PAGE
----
Read the government advice on the law on leaving children unattended.
There is no law about when you can leave your child on their own but it is an offence to leave them alone if it places them at risk. As parents, you should use your judgement on how mature your child is before you decide to leave them at home.
It is important to be aware that you can be prosecuted if you leave a child alone ‘in a manner likely to cause unnecessary suffering or injury to health’. If you are at all unsure, the NSPCC recommends that children under 12 are rarely mature enough to be left alone for a long period of time, children under 16 should not be left alone overnight and babies, toddlers and very young children should never be left alone.
8.13 Does this apply to special schools or specialist post-16 providers?
We recognise that children and young people with special educational needs and disability (SEND) and their parents and carers are facing numerous challenges as a result of coronavirus. Residential special schools and other special settings should be supported to remain open, wherever possible.
Special schools, colleges and local authorities are advised to make case by case assessments of the health and safeguarding considerations of pupils and students on an EHC plan. For some, they will be safer in an education setting. For others, they will be safer at home. We trust leaders and parents to make these decisions and will support them as required. More information can be found in the risk assessment guidance.
9. Resources and support
9.1 What support is available to parents to help them educate their children at home and to access children’s social care services?
We want to support schools and parents to ensure children and young people’s education can continue.
We also want to ensure that children with a social worker can continue to receive support from children’s social care services and that care leavers have the online access they need to keep in touch with the support and services they need.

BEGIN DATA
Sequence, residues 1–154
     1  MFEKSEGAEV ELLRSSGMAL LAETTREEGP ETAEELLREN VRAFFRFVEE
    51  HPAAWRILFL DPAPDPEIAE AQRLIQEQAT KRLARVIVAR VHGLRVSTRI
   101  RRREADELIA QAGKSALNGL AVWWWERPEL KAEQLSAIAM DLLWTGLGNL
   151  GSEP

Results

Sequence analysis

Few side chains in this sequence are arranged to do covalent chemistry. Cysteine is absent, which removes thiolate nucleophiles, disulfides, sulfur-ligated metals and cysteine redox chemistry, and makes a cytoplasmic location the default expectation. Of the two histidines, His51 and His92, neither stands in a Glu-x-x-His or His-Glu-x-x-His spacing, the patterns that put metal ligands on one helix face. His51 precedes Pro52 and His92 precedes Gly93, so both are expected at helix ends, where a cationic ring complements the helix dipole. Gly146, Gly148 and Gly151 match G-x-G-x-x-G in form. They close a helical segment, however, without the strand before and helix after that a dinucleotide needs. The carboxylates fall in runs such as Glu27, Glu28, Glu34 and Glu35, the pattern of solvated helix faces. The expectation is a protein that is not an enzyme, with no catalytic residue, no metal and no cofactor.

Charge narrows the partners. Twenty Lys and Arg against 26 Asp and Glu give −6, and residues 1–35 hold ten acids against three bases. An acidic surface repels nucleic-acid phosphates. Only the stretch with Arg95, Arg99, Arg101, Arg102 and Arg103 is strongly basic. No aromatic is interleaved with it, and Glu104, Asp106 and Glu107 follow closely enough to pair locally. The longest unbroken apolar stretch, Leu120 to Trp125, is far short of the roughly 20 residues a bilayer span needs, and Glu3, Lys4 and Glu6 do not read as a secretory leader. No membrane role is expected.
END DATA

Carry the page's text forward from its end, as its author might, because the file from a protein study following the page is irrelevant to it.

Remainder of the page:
To help young people access online learning, devices will be ordered for disadvantaged children who would otherwise not have access to one and are preparing for exams (in year 10) or receive support from a social worker, or are a care leaver.
Where care leavers, children with a social worker at secondary school and disadvantaged children in year 10, do not have internet connections, we are providing 4G routers to them so that they can learn at home. In addition, we are working with the country’s major telecommunication providers to make it easier for families to access selected educational resources by temporarily exempting these sites from data charges.
For support to access social care services, you should first contact your local authority. For year 10 children, you should contact your child’s school, who will be able to offer advice.
Other available support includes:
- a list of online educational resources which have been identified by some of the country’s leading educational experts to help pupils to learn at home
- guidance to help primary school children continue their education during the coronavirus outbreak
- enhanced education provision from the BBC including daily lessons
- an online resource from Oak National Academy with daily lessons available to both primary and secondary pupils (your child’s school is best placed to advise you regarding whether to use the academy alongside their existing offer)
For 16 to 19 year olds, education providers are able to provide support to young people who are not able to access an internet connection. Young people and parents should contact their provider if they are not able to access remote education.
Most further education providers have established remote education offers, which they have expanded to support education at home. Young people should be in regular contact with their provider around what support is available and to ensure they take full advantage of the offer.
9.2 My child qualifies for a device and connectivity at home but I don’t know how to apply for one. How can I do this?
Laptops, tablets and 4G routers will be sent to schools and children’s social care teams. They will contact you once they have the devices to let you know how to access them.
If you / your child is aged 16 to 19 you should contact your college, school, or other provider around accessing similar support if you need it.
9.3 Which children and young people are eligible for a laptop or tablet and why?